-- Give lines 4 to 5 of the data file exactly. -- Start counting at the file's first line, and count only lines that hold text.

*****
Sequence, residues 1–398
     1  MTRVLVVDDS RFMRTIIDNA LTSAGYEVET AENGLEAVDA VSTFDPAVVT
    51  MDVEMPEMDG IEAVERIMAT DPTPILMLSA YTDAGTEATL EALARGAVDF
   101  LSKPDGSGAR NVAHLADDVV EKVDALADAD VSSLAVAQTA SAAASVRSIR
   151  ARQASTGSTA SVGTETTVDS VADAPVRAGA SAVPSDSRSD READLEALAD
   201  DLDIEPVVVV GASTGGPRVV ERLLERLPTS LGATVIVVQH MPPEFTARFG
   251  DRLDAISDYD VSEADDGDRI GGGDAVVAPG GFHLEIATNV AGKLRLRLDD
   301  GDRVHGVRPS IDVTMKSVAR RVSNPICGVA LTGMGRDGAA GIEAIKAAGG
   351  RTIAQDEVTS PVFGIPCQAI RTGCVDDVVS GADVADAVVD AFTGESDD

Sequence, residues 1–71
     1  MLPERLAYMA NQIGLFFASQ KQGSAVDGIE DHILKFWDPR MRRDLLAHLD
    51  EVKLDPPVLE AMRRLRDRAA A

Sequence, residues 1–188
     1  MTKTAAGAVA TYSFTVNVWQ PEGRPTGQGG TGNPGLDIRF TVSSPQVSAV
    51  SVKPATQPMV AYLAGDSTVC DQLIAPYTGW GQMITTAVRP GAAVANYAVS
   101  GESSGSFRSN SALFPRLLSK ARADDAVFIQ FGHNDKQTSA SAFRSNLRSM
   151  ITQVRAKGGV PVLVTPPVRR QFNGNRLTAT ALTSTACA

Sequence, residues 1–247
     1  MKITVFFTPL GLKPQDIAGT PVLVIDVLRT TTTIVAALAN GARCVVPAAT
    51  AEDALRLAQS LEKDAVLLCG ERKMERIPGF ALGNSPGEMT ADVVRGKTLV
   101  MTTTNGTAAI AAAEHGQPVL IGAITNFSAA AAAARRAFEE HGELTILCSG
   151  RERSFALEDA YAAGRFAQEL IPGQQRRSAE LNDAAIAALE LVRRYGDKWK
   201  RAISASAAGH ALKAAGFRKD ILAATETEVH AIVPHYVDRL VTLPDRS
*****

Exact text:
   101  LSKPDGSGAR NVAHLADDVV EKVDALADAD VSSLAVAQTA SAAASVRSIR
   151  ARQASTGSTA SVGTETTVDS VADAPVRAGA SAVPSDSRSD READLEALAD